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Second-cycle programmes


7.Higher Education

7.3Second-cycle programmes

Last update: 27 March 2024

Branches of Study

A master's degree programme is normally of 120 credits (ECTS), i.e. two years of full-time study. Master's degrees are awarded by all categories of higher education institutions (universities, specialised university institutions, university colleges, and some private higher education institutions).

There are also experience-based master's degrees of 90 or 120 credits, of professional or work-life orientation. As a rule, experience-based master's degrees do not qualify for direct admission to PhD.

In a few fields, there are integrated programmes leading directly to a second cycle degree (either a master’s degree of 300 credits, i.e. five years of full-time study, or a second-cycle degree where the title of the former degree system is retained, among them: (medicine), (veterinary science), cand.psychol. (psychology), and cand.theol. (theology)), see chapter 7.4 for details.

Admission Requirements

Admission to regular master programmes (120 credits) is based on a bachelor’s degree or similar  which includes a major of at least 80 credits (120 credits if the specialisation is a vocational programme). Holders of a bachelor’s degree without a major as required or with a major from a different field than the master’s programme they intend to apply to must hence take additional courses or examinations to fulfil the requirements.

Admission to experience-based master programmes (90–120 credits) is based on a bachelor's degree or similar and two years of relevant work experience.

Applicants from abroad are admitted based on assessment according to the criteria of the Lisbon Recognition Convention.

Applications to master's programmes should be directed to the relevant higher education institution.


The Act on universities and university colleges stipulates that the institutions may not be instructed regarding the content of their teaching and their research and artistic or academic development work, and regarding individual appointments. There is hence a high degree of academic freedom in the higher education system.

However, for certain programmes, particularly those qualifying for work in education, training, and the health and welfare sectors, there are National Curriculum Regulations.

There is also a National regulation for Master's Degrees which lays down the general admission requirements to master programmes and the credit requirements regarding the mandatory 'independent work' (normally a research thesis, but in art programmes, for instance, other forms of independent work can be equally relevant).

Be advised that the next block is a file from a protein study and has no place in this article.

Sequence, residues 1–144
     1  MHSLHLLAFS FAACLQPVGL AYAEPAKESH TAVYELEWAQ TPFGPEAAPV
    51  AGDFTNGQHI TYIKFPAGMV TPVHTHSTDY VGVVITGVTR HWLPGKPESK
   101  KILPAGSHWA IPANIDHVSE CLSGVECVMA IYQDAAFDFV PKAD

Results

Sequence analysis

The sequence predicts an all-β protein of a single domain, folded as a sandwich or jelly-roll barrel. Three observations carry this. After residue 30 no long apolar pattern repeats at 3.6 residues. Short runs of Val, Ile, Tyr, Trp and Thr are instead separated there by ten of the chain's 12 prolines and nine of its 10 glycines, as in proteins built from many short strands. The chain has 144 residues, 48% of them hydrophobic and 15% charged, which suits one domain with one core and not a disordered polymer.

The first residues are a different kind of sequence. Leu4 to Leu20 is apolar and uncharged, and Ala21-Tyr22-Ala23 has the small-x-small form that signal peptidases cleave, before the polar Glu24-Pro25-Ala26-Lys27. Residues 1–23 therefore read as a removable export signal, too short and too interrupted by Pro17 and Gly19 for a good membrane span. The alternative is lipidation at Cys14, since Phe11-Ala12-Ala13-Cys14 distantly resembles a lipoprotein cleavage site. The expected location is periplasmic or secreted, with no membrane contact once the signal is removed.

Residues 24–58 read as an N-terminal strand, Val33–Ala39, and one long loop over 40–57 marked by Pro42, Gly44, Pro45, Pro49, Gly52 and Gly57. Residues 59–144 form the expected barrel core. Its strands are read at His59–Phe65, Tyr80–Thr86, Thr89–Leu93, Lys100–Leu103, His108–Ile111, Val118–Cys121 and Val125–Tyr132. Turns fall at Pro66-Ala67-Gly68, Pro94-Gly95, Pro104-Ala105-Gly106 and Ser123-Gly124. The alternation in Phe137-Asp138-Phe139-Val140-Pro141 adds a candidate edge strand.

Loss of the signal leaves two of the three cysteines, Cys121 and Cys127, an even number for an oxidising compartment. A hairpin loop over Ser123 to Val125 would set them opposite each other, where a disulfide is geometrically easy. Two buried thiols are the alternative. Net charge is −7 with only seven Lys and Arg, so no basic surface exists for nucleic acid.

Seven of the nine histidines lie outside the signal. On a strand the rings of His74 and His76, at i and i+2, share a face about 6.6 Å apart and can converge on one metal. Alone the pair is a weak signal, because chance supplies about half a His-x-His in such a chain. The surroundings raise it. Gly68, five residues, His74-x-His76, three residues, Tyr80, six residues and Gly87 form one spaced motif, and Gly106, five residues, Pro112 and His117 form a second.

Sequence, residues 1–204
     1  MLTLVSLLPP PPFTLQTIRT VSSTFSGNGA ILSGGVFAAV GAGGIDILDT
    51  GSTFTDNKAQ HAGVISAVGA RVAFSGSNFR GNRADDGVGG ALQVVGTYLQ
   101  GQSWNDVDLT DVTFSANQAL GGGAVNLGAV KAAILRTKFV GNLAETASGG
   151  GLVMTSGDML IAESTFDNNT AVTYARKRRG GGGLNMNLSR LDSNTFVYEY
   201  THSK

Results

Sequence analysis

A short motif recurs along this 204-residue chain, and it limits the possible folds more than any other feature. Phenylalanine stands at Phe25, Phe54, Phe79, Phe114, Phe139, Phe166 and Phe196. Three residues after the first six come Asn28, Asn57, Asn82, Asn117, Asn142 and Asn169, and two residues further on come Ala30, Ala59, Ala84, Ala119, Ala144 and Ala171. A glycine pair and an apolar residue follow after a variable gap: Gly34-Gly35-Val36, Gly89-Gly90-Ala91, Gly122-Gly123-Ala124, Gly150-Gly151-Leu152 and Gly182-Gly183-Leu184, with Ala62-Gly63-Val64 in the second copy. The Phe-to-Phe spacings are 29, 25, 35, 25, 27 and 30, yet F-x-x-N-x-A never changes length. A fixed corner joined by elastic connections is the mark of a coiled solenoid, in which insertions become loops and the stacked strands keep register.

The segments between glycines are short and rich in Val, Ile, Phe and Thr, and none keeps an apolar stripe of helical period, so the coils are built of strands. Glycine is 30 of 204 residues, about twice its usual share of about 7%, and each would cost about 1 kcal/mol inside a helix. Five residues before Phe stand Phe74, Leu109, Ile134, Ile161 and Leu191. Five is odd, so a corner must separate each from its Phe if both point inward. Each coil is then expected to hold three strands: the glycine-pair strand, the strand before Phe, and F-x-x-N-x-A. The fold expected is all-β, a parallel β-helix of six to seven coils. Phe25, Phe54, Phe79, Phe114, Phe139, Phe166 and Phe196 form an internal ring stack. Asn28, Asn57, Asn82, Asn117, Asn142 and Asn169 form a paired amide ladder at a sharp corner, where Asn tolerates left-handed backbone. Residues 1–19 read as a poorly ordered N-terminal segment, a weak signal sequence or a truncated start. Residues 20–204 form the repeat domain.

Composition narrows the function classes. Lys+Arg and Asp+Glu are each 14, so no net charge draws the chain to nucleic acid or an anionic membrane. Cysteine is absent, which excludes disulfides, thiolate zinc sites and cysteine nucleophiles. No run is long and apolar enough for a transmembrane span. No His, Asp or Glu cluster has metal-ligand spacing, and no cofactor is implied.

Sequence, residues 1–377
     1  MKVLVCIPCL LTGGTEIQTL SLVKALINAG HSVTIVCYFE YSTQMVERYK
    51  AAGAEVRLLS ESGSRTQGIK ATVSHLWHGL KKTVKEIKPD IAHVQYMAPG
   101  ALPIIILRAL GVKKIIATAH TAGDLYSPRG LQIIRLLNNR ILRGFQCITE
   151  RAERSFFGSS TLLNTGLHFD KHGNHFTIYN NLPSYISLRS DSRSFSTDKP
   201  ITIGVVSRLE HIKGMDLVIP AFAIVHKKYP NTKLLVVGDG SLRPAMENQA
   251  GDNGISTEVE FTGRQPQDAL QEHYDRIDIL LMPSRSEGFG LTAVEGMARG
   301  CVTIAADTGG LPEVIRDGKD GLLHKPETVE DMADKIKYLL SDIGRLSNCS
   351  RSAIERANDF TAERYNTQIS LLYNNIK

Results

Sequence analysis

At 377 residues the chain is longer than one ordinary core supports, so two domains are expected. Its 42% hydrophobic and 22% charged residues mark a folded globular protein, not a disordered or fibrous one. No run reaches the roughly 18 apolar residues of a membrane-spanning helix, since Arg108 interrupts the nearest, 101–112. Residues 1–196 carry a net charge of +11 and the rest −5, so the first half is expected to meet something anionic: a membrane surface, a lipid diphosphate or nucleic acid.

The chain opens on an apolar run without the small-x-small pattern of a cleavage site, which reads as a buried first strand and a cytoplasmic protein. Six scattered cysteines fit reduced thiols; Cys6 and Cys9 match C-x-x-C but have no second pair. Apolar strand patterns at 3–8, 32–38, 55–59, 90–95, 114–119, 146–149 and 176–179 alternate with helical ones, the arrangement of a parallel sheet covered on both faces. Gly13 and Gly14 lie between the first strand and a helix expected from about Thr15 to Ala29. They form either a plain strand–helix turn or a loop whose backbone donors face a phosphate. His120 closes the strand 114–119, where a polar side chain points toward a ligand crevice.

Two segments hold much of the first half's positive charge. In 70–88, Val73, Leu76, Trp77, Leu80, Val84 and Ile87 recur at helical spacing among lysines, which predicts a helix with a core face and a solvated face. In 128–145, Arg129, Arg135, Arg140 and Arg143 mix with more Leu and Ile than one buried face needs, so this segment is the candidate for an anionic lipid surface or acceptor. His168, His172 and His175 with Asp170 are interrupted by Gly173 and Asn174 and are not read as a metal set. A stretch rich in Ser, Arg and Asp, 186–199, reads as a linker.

For regular two-year and experience-based master's programmes, the thesis or other independent work must be of minimum 30 and maximum 60 credits. 60 credit master theses is the rule in discipline-oriented studies. In integrated master programmes of 300 credits, the independent work is of minimum 20 credits.

See Curriculum for bachelor programmes for more details.

Teaching methods

See Teaching Methods for bachelor programmes for more details. The writing of a research thesis or other independent work is mandatory for master’s degrees.

An increasing number of English-language programmes are offered to foreign students, mainly for masters’ degrees. An overview of study programmes taught through English is available at the Study in Norway website, which is managed by the Directorate for higher education and skills on behalf of the Ministry of Education and Research.

Progression of students

See Progression of Students for bachelor programmes. 


NIFU’s graduate survey shows that in 2021, 5.2 percent of the recently qualified master candidates in Norway were unemployed. 5.8 per cent had found a relevant job but not in a full position and 12.2 percent did not think that their current job was relevant to their formal skills.

Student assessment

Student assessment is still normally based on individual written examinations at the end of courses, but assessment is also, and increasingly, done based on project work, group examinations, home examinations, artistic performances, etc. For master students, there is a system of individual supervision of the thesis, which also functions as an evaluation of the student's work and progression.

The higher education institutions must develop specific assessment guidelines for all examination, and there must be two examiners, of whom at least one is external, for the assessment of the master theses or other independent work for the master's degree.

See also Student Assessment for bachelor programmes.


All graduates automatically receive a Diploma Supplement in English with their diploma.

The diplomas from state higher education institutions, and most of those from private higher education institutions, can be verified through an online diploma registry called Vitnemålsportalen.

Such online verification is only possible if the graduate (i.e. the owner of the qualification) decides to share this information by activating and sending a link to their results from Norwegian higher education.

See also Certification for bachelor programmes.